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29th January 1929
Page 31
Page 32
Page 31, 29th January 1929 — OPINIONS FROM OTHERS.
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Which of the following most accurately describes the problem?

Tramways Which are Still Successful.


[2719] Sir,—Inspired by the proposed scrapping of a few miles of tramway at Gloucester, one of the most important morning newspapers recently launched out on one-of its periodical attacks on tramways.

The variOus pros and cons of the tram-bus controversy have been thrashed out so often that it is useless to allude to them any further. Nevertheless, there is one feature of this last attack which cannot be overlooked.

In the course of a list of towns supposed to have decided to scrap tramways, this article mentioned three of the greatest tramway strongholds in the country— Manchester, Sheffield, and Birmingham.

Any suggestion that these three towns have decided to scrap tramways is quite erroneous. It is true that Sheffield and Birmingham scrapped trams on one short route in each case (substituting buses in the former case and trolley-buses in the latter),. but the experiment was not continued.

Birmingham is still -constructing new tramways in the suburbs, and at the present time has 50 new cars on order.

As you are aware, this town operatas trams, petrol buses (four and six-wheeled) and trolley-buses, so that the authorities have considerable experience ; nevertheless, they still consider the tram to -be worth while for the heaviest traffic. Sheffield is also extending its tramway system, and few towns are flo;ng more for the improvement of tramway rolling stock than -this Yorkshire city.

Manchester has, sinCe the war, made large extenSlams to its track mileage and rolling stock, whilst several new tramway routes are to be constructed next year.

The Commercial Motor has always given a hearing to both sides of the question, and I think you will admit that it is not fair play on the part of the daily paper concerned to close the office door to every reply to its erroneous statements.—Yours faithfully, A. G. FITZGERALD, Streatham Hill, London.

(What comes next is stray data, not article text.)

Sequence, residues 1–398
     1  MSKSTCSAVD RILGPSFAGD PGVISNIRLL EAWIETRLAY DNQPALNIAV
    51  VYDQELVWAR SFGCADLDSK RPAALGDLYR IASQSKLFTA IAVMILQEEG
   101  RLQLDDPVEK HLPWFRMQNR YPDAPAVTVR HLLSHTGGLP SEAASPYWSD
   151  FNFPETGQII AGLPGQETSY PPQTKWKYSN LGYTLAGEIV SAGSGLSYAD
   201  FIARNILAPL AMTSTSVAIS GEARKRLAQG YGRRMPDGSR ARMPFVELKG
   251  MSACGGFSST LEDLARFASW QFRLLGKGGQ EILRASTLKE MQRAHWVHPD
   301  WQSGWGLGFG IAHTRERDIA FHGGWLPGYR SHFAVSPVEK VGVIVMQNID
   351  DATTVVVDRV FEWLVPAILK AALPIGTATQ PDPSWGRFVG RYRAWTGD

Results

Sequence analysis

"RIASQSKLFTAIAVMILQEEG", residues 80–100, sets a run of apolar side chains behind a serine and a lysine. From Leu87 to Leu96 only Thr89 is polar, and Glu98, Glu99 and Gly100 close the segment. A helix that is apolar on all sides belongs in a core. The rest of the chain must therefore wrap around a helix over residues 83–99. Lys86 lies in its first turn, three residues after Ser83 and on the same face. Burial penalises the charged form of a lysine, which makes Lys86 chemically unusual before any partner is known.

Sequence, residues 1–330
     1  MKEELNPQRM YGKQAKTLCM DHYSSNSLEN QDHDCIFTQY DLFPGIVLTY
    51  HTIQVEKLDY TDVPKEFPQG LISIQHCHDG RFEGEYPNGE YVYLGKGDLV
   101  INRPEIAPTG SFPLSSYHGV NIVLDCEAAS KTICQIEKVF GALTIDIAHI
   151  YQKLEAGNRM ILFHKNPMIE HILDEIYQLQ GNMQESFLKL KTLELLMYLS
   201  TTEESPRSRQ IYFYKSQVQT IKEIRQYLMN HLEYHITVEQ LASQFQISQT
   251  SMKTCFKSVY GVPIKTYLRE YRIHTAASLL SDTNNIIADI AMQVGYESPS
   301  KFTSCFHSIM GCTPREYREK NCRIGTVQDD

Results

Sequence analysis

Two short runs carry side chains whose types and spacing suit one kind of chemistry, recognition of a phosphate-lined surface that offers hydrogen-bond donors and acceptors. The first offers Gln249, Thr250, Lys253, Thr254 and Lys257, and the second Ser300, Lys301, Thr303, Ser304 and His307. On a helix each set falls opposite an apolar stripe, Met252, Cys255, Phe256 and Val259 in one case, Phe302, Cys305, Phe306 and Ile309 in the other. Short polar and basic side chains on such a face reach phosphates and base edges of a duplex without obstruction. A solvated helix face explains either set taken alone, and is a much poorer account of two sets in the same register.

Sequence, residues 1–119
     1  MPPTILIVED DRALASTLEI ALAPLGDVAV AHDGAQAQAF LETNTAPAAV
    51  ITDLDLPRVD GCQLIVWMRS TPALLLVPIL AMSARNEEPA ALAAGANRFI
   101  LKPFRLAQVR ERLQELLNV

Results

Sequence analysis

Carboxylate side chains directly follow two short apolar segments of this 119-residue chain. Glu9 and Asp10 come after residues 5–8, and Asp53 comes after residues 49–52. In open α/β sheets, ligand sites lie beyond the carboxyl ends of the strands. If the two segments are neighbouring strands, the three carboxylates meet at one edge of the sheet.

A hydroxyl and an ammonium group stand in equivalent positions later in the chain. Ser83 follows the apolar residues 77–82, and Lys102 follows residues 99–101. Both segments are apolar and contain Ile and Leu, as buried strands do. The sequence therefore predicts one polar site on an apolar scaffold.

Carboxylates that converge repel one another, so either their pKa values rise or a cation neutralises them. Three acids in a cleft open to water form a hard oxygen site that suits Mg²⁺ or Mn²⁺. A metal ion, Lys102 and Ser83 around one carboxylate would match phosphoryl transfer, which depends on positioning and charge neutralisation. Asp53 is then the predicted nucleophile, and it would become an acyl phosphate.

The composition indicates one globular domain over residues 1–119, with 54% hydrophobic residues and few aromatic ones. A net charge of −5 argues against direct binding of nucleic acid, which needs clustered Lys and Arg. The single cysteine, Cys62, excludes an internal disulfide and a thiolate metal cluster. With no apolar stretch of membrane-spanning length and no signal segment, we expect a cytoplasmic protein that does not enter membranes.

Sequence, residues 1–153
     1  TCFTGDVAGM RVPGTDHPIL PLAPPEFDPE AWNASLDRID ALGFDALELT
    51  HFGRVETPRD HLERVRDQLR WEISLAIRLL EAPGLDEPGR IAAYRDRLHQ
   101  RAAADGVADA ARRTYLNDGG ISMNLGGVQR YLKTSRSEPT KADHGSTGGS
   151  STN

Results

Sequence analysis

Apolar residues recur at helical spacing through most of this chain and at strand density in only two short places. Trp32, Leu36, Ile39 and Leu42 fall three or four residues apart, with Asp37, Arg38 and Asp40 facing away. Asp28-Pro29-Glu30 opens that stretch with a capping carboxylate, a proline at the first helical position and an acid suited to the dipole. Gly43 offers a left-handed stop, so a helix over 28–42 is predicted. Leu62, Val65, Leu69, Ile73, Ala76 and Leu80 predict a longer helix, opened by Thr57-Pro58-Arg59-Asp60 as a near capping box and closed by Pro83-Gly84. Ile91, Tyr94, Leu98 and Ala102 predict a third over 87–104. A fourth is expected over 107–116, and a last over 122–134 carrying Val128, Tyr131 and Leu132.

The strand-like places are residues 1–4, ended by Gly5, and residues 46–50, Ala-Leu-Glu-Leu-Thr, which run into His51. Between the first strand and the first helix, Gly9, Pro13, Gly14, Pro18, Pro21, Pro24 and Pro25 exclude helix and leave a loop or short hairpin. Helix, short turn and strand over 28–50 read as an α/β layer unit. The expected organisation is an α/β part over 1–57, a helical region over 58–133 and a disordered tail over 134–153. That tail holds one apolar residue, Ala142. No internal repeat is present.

The Cost of Roads.


[2720] Sir,—Whilst Professor A. M. Low is to be congratulated for pointing out, in his recent letter to The Times, that the greater part of the costs of the new roads is defrayed out of the licence duties, I feel sure that it will come as a surprise to the vast Majority of motorists tO know that a great deal of the money which they pay into the Road Fund each year IA expended on the purchase of road material of foreign Origin.

Out of the Road Fund, raised from heavy taxation, the Ministry of Transport makes grants to local authorities and yet allows these bodies to use this money on the employment of foreign labour. At a time when so many of our own workmen are out of employment, and when there is no lack of excellent roadstone available. in this country, this action of the Minister passes comprehension.

Surely the Minister of Transport can and ought to insist that, as regards all road works in respect of which grants are given out of the Road Fund, it shall be a condition of each grant that, when they are available, British materials alone shall be used.

Is it not within the power of one of the motoring organizations, in the interest of motorists generally, to bring pressure to bear• on the Government to see that this is done. I have just paid my annual licence duty,

and my remittance was accompanied by a request that, in view of the large amount of unemployment and the fact that there is no lack of excellent roadstone available, it shall not be expended on the purchase of foreign material. My vehicle is Of British make. Why should I have to drive it over " foreign " roads in my own country ?--Yours faithfully, L. U. Mcmass.

East Horsley.

Pneumatic Mattresses for Sleeper Coaches.


[27211 Sir,—Your articles dealing with sleeper coaches are very apropos, for there is undoubtedly a considerable development due in this direction. You speak of .experimenting in the use of air for suspension, but we would draw your attention to the fact that we have had considerable experience in supplying pneumatic mattresses for work of this sort and that they have been installed in sleeper coaches with the greatest success.